European cooperation integral to solving the refugee crisis

Emad El-Sayed
6 Min Read

Refugees in Europe have more to worry about than the smugglers. Police are chasing them across Europe, but there are those who are trying to help refugees integrate into society, and to legalise their status. Elona Müller-Preinesberger, executive commissioner for social affairs, youth, health and order in the German city of Potsdam is one such person.

“There are refugees standing by the German borders suffering and wanting to live in a place that preserves their humanity, especially children,” Müller said. “In Potsdam we are working on refugee integration. The situation is quieter now, but we still have a lot of challenges to work on.”

“Now we are working on integrating children into education, and we encourage young people to complete their education,”  Müller added. “We have many obstacles facing the labour market and we are still learning how to deal with the situation and get better. In 1993 laws were passed that aimed to create an unappealing atmosphere for immigrants, and particularly refugees. However, now we are talking about integrating them and granting them the same rights as our citizens. We have a large number of asylum requests, and each request carries its own story and reason.”

Müller explained that refugees have the right to social and economic aid, which varies according to their legal status. Due to a lack of staff however, Müller says there are pending applications dating back 12 months.

Müller continued by saying that asylum applicants obtain €370 a month, and they are not charged for basic amenities such as gas, water, and electricity. Once their applications are processed and they are granted asylum, the government provides them with financial assistance similar to the unemployment benefits allotted to German citizens, until they find a job. The state offers training programmes to help refugees find work.

Müller added that those who complain about their living standards had high expectations prior to coming to Germany. “The situation for every refugee is different, and the state ensures that they receive enough support to live in dignity but not in luxury,” she said. “Even if the government accepted giving more, the taxpayers should not have to endure that. How could the state convince taxpayers, who work hard and do not live in luxury, to prop up a life of luxury for refugees! How could a refugee find the motivation to work and achieve success if he already lives in luxury!”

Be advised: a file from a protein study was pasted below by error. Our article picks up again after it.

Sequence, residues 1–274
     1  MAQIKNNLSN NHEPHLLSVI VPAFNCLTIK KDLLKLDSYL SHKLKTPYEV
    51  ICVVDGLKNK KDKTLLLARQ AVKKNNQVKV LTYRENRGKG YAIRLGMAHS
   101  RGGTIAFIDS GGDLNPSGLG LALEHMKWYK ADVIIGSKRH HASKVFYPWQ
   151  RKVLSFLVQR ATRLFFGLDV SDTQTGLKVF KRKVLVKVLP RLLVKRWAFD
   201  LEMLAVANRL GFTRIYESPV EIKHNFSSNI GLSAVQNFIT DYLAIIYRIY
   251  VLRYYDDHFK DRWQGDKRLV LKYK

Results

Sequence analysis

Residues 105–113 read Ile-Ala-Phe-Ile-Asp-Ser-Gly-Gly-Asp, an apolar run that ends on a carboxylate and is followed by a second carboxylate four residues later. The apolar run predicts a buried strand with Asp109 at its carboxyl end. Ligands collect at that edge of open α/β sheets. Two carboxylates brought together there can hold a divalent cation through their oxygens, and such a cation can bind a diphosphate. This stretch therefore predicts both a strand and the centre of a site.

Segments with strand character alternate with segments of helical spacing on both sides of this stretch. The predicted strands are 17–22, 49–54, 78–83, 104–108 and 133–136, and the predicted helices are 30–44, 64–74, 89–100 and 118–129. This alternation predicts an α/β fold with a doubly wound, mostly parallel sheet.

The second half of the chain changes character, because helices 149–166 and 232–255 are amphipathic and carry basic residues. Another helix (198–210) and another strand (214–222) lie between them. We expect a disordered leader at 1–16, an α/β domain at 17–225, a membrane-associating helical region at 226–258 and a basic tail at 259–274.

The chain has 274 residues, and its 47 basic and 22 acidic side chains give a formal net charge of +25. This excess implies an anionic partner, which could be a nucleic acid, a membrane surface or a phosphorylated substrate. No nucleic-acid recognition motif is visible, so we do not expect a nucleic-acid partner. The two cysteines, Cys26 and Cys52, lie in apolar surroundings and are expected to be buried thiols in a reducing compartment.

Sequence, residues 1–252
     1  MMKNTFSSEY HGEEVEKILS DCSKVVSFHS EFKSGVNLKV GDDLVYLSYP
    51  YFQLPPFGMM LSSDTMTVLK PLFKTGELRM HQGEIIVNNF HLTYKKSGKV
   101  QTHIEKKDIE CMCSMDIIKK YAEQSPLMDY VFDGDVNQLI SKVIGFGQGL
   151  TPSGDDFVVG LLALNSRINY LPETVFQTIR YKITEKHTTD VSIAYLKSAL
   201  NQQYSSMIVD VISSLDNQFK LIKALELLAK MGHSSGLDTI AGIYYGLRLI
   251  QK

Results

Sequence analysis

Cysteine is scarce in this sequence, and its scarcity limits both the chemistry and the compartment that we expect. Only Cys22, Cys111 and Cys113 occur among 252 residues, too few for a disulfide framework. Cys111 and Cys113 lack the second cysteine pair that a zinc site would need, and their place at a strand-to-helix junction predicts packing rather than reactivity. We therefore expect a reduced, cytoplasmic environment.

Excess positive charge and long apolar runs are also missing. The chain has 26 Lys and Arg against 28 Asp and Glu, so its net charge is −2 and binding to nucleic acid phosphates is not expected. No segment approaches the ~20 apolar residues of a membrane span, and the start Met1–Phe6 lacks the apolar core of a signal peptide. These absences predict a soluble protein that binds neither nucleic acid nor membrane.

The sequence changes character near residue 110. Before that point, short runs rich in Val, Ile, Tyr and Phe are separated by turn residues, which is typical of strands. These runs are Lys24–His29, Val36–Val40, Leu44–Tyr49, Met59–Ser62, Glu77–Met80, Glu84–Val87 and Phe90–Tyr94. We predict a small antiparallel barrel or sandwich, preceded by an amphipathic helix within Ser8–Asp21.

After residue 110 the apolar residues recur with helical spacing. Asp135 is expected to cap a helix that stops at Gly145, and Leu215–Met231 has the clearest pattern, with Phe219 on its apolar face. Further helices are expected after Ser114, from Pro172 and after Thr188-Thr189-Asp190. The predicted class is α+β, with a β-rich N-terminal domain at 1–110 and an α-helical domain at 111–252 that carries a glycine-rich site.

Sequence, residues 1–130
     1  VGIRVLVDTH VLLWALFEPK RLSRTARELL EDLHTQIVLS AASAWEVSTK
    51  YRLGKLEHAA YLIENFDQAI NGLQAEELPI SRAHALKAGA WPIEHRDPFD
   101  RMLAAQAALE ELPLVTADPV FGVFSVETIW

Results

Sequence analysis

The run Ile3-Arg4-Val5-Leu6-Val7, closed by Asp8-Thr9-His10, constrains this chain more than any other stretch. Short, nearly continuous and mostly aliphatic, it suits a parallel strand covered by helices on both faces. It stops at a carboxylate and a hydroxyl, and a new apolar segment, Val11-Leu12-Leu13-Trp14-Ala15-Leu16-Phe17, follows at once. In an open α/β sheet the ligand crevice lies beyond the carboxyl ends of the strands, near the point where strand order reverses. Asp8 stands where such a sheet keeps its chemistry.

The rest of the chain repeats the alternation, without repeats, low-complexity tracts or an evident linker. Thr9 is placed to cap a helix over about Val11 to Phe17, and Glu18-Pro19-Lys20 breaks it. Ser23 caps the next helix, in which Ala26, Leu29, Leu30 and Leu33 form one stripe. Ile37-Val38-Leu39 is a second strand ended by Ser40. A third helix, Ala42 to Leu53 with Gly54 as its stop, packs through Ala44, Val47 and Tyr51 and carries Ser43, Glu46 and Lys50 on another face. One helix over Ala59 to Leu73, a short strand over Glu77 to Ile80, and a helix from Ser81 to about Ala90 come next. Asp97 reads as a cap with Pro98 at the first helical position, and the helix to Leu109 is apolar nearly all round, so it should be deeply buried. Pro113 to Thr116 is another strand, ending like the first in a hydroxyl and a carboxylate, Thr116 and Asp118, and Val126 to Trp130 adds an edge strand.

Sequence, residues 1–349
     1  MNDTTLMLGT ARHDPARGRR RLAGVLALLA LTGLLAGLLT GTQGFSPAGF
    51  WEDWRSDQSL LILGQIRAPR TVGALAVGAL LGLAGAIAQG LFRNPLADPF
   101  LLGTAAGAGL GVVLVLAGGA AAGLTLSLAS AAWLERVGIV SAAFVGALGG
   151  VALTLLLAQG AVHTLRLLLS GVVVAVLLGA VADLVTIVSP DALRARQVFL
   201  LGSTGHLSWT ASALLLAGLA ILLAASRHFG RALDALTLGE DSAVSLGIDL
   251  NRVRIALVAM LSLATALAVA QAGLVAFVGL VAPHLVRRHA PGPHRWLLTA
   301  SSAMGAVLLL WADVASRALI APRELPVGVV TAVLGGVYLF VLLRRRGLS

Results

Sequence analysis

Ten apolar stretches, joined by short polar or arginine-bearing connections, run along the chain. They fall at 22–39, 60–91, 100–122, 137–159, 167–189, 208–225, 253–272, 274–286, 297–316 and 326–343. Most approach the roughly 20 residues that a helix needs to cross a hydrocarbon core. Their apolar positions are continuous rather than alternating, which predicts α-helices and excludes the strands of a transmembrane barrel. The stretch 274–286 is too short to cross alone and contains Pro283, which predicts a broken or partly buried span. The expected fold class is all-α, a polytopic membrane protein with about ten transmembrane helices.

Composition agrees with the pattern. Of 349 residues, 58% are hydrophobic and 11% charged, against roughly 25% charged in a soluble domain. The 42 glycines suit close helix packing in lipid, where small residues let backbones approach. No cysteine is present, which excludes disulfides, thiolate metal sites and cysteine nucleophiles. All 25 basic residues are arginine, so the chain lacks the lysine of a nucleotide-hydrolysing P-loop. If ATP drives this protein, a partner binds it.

Müller explained that refugees also have access to basic healthcare, which is considered a basic human right in Germany. She said that the process of attaining basic healthcare has improved, adding that employers originally had to refer people to a doctor, but now that process is in the hands of doctors and the patients themselves. The old system, she argues, was unfair and a heavy burden on job seekers.

“Now, even the newborn refugee children have the right to be treated at a hospital,” Müller explained. “Refugees also receive free education and language courses to enable them to integrate easily and effectively in German society. There are six schools specialised in teaching the German language, and some simple study materials. Those schools prepare the children to enter regular classes in German schools located in their areas.

While Germany may be trying to integrate refugees, many other European countries have taken a more restrictive approach. Müller was critical of countries that did not do enough to help ameliorate the suffering of refugees, saying she hoped that European countries could come together and accommodate refugees as a collective. “It is possible to find better solutions if all European countries dealt with this issue together.”

In regards to the work done by volunteers and other concerned Germans, Müller said she was proud of the work they do. She admitted that there have been acts of violence directed at refugees, but noted that the government is doing its best to encourage people to tolerate refugees and stop the violence. “Germans may envy refugees because they do not pay taxes,” she said. “Some citizens have called on the state to stop using clubs and gyms as asylum shelters out of a fear that their sporting activities would be affected.” Müller also believes that the influx of refugees will not result in mass poverty, because refugees would contribute to the development of German society.

Share This Article
Emad El-Sayed is the Editor-in-Chief of the Daily News Egypt
Leave a comment